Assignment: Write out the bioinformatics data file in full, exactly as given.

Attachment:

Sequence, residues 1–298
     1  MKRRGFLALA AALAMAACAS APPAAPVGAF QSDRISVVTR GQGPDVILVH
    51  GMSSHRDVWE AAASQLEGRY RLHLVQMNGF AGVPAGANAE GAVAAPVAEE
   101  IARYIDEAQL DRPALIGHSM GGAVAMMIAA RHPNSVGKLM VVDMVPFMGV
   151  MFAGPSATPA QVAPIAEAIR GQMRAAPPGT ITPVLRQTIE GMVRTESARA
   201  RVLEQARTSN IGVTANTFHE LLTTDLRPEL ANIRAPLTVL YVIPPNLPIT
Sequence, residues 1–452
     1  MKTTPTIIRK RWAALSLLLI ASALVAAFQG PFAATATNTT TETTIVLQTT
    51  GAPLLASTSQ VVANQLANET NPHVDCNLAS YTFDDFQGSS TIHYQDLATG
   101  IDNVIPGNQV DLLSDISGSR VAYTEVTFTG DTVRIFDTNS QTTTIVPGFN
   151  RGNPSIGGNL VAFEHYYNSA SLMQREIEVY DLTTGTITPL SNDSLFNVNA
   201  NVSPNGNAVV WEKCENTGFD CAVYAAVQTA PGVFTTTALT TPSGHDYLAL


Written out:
Sequence, residues 1–298
     1  MKRRGFLALA AALAMAACAS APPAAPVGAF QSDRISVVTR GQGPDVILVH
    51  GMSSHRDVWE AAASQLEGRY RLHLVQMNGF AGVPAGANAE GAVAAPVAEE
   101  IARYIDEAQL DRPALIGHSM GGAVAMMIAA RHPNSVGKLM VVDMVPFMGV
   151  MFAGPSATPA QVAPIAEAIR GQMRAAPPGT ITPVLRQTIE GMVRTESARA
   201  RVLEQARTSN IGVTANTFHE LLTTDLRPEL ANIRAPLTVL YVIPPNLPIT
Sequence, residues 1–452
     1  MKTTPTIIRK RWAALSLLLI ASALVAAFQG PFAATATNTT TETTIVLQTT
    51  GAPLLASTSQ VVANQLANET NPHVDCNLAS YTFDDFQGSS TIHYQDLATG
   101  IDNVIPGNQV DLLSDISGSR VAYTEVTFTG DTVRIFDTNS QTTTIVPGFN
   151  RGNPSIGGNL VAFEHYYNSA SLMQREIEVY DLTTGTITPL SNDSLFNVNA
   201  NVSPNGNAVV WEKCENTGFD CAVYAAVQTA PGVFTTTALT TPSGHDYLAL